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September 22, 2006
Game of the Week: Penn State at Ohio State
Week 4 Viewer's Guide
The College Football Wire
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Penn State entered the season with the nation's top linebacking corps.
Paul Posluszny had won the Bednarik Award and Butkus Award a year earlier. Dan Connor appeared on the verge of meriting All-America consideration. Tim Shaw had established himself as a strong and steady presence.
But when the 24th-ranked Nittany Lions (2-1) play at No. 1 Ohio State (3-0) on Saturday (ABC, 3:30 p.m.), the linebacker having arguably the best season will be on the opposite sideline.
James Laurinaitis entered the season without the star power of a Posluszny or Connor, but the Ohio State sophomore has wasted no time making a name for himself.
Laurinaitis burst onto the national scene by collecting 13 tackles, forcing two fumbles and intercepting a pass in Ohio State's 24-7 victory over Texas. He followed that up by recording nine tackles, a sack and an interception last week in a 37-7 whipping of Cincinnati.
"I don't feel like I've arrived yet," Laurinaitis said. "It's an honor for people to think highly of me, but I have a long way to go. I watch film of guys that played here, like A.J. (Hawk) and Bobby (Carpenter), and realize that I have a long way to go."
The main concern surrounding Ohio State before the season involved how the Buckeyes would replace Hawk, Carpenter and the seven other starters they lost from last year's defense.
Laurinaitis and Co. have calmed those fears. The Buckeyes are allowing only 8.7 points per game as they enter the Big Ten portion of their schedule.
"He is obviously a good athlete," Penn State coach Joe Paterno said. "He's a smart athlete, plays with intelligence and does a good job.
"You have to give the Ohio State coaching staff some credit. They know what they are doing. They make believers out of their kids, and the kids line up properly. Very rarely do you see them out of position. They hustle all the time.''
Now comes the real test.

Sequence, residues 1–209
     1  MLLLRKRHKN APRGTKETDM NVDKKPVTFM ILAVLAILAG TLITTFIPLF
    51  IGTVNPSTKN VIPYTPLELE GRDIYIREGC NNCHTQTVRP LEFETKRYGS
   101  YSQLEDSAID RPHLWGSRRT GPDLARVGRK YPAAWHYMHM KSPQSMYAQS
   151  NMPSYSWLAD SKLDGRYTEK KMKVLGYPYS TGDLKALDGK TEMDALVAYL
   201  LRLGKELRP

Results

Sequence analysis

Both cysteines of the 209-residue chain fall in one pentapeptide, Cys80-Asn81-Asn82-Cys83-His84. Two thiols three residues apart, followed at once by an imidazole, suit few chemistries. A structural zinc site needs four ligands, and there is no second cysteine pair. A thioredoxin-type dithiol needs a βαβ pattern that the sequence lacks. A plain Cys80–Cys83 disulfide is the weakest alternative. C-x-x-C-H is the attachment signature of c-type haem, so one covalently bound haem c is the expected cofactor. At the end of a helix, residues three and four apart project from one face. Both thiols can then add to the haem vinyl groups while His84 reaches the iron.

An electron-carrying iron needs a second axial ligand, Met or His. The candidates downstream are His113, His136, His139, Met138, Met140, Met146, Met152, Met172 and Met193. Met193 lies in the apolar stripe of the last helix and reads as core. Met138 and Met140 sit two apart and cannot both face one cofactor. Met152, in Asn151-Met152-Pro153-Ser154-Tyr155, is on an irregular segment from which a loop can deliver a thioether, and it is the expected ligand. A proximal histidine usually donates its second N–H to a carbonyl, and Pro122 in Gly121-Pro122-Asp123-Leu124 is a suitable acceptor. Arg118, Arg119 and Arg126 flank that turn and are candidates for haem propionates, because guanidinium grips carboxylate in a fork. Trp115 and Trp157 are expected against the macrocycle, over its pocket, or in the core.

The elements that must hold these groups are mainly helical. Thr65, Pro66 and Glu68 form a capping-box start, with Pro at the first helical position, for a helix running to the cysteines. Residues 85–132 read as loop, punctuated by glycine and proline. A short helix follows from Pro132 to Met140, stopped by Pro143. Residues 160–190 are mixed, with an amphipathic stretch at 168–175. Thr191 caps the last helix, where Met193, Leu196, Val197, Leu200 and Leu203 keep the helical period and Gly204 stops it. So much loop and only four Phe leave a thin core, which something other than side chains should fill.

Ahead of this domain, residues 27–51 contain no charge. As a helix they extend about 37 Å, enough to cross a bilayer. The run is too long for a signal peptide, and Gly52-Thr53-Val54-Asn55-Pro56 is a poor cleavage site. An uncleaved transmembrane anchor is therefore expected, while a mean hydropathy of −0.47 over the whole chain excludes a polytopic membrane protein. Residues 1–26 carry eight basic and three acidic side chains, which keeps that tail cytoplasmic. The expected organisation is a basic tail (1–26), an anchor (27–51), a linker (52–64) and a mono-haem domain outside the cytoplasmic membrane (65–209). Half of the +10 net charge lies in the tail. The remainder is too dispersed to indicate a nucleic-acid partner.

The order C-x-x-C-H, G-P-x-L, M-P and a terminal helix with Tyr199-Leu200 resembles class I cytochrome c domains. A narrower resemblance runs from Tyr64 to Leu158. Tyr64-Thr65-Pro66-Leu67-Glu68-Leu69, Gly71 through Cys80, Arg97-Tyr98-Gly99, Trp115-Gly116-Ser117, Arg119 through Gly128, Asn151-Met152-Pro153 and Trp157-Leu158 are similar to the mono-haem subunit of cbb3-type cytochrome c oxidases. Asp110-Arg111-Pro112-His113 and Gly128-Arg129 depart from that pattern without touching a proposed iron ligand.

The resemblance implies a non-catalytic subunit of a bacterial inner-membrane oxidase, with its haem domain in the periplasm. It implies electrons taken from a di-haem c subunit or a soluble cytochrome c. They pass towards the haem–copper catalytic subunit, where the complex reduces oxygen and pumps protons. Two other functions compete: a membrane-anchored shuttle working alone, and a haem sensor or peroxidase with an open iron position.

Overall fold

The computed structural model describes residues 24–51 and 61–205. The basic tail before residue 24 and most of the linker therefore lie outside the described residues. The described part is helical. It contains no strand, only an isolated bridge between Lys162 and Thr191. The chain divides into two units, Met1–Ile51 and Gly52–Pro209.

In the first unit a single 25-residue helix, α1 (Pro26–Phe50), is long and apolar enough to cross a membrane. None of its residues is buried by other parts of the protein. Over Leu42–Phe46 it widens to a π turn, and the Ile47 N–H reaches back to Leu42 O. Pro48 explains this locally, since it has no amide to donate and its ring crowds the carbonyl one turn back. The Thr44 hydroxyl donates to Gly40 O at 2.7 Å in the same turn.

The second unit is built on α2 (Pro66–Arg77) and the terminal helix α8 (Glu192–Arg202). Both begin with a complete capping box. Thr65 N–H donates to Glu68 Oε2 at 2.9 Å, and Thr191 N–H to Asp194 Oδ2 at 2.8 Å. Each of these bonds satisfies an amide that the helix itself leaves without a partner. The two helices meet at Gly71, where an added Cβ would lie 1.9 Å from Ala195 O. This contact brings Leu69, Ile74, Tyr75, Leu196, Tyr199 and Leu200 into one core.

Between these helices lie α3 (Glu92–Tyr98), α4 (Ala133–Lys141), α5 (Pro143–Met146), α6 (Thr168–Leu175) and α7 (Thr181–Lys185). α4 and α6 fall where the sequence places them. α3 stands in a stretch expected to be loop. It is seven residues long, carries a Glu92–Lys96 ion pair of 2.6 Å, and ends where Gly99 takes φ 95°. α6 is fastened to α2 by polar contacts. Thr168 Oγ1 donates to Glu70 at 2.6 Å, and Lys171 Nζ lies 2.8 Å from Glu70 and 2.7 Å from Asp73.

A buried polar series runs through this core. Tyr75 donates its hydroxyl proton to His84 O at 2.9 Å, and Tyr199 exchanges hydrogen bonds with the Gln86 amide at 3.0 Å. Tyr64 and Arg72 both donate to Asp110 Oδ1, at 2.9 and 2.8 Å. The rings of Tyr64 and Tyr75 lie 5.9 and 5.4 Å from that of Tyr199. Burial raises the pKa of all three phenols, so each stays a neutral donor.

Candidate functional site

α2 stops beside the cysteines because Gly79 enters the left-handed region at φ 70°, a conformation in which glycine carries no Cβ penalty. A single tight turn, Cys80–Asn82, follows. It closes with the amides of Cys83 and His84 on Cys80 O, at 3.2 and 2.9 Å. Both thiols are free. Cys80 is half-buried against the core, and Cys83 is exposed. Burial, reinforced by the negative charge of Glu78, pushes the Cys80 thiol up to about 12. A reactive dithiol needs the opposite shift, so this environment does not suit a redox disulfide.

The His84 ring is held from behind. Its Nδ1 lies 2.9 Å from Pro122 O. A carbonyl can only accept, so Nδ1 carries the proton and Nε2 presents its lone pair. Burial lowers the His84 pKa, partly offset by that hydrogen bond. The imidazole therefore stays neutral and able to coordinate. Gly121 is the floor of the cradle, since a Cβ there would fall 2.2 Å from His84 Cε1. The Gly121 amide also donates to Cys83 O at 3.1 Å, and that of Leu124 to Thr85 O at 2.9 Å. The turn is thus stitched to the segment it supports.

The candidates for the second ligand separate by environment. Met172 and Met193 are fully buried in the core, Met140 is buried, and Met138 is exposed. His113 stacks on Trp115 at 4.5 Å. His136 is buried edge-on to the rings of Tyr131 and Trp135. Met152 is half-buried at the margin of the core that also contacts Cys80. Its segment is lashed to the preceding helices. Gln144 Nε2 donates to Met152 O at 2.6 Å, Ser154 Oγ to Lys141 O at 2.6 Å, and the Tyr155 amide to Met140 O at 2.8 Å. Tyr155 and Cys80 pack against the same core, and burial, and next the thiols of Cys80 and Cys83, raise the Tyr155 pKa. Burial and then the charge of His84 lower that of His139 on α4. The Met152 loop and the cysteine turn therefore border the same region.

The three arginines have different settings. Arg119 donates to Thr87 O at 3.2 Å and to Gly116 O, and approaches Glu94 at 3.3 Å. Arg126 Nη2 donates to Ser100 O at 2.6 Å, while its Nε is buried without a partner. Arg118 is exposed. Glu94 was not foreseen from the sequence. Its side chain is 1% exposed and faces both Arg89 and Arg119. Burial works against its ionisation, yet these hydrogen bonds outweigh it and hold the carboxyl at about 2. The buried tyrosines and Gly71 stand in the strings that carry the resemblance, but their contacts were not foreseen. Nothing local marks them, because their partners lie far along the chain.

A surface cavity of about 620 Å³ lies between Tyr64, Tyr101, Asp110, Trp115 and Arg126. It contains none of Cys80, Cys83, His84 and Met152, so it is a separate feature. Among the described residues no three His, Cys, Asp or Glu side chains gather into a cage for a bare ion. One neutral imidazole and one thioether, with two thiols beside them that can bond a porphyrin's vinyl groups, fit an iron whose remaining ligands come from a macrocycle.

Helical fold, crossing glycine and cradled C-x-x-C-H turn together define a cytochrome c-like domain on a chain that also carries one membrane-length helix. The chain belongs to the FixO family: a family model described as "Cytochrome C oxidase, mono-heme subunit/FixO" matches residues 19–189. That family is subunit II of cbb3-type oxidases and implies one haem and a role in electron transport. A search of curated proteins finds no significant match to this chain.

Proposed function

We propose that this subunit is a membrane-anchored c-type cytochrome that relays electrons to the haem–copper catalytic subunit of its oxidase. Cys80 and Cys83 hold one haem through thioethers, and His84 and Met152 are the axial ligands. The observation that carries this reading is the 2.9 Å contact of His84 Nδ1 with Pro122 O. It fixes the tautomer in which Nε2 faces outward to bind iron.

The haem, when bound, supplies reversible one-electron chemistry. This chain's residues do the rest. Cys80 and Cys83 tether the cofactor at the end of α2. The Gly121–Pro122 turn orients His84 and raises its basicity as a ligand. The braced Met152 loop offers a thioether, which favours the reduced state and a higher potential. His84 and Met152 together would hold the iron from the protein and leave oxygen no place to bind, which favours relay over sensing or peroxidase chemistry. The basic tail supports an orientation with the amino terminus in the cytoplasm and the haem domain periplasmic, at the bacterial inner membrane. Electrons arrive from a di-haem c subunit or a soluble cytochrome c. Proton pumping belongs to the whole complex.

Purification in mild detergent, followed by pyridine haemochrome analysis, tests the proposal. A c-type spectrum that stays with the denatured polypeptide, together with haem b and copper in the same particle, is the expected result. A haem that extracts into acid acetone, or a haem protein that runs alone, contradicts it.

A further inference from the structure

Laurinaitis must prove that his success outside the conference can carry over to Big Ten competition.
"Coach has been saying all week that when you play games in the Big Ten, it's a whole different level," Laurinaitis said. "It kind of sounds (like a) clichι, but the Big Ten will be big and emotional."
This game also represents a chance for Penn State's linebackers to live up to their preseason billing.
Connor has matured into a star this year by collecting 30 tackles and three sacks. Posluszny has recovered well enough from a knee injury to show flashes of his 2005 form. Shaw's versatility has helped him shift to the defensive line to create more playing time for promising sophomore Sean Lee.
Even with all that talent, Penn State's defense looked quite vulnerable in a 41-17 loss to Notre Dame two weeks ago. Notre Dame tight end John Carlson found enough open space in the middle of the field to deliver the best performance of his career.
"The way we played against Notre Dame, that's not the way Penn State defenses play," Posluszny said. "I think now we have a chance to go against a great offense with talented quarterbacks, receivers, running backs. They have the total package. It's going to give our defense a chance to prove ourselves and really find out what we're made of."
This game also gives Posluszny a chance to repeat one of the best performances of his brilliant 2005 season. He recorded 14 tackles and a sack as the Nittany Lions won 17-10 while holding the Buckeyes' explosive offense to its lowest point total of the season.
Laurinaitis compared that loss to a punch in the mouth. One year later, he finally gets to hit back.